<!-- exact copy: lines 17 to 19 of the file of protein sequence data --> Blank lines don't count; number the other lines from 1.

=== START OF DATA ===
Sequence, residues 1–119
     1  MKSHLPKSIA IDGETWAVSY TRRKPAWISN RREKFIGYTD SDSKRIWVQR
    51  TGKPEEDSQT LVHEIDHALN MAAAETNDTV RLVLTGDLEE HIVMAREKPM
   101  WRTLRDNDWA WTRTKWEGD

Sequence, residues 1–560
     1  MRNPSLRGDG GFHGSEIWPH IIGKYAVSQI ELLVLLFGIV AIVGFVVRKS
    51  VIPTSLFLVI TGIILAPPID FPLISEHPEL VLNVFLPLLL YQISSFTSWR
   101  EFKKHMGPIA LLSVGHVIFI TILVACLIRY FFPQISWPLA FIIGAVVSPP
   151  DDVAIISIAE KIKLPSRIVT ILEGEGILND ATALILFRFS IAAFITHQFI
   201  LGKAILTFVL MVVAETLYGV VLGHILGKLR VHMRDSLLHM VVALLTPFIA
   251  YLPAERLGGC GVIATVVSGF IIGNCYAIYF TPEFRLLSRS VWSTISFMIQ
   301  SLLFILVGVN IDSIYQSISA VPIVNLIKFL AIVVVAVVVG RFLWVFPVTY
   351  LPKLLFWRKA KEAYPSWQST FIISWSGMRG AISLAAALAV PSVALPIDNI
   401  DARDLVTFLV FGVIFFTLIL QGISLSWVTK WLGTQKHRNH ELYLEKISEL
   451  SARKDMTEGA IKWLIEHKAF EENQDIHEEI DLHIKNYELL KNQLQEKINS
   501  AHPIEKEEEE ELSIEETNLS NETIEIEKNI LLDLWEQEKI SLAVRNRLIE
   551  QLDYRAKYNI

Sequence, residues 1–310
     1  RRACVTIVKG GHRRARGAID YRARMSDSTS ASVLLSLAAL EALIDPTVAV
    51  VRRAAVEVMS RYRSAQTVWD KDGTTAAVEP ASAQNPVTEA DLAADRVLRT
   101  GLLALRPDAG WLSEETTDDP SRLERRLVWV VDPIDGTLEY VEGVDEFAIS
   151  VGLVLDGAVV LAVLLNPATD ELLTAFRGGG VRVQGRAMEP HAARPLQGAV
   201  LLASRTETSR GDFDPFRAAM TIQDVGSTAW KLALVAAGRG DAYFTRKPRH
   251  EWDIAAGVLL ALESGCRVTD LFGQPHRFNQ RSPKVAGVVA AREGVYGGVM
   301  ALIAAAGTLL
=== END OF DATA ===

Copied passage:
   551  QLDYRAKYNI

Sequence, residues 1–310
     1  RRACVTIVKG GHRRARGAID YRARMSDSTS ASVLLSLAAL EALIDPTVAV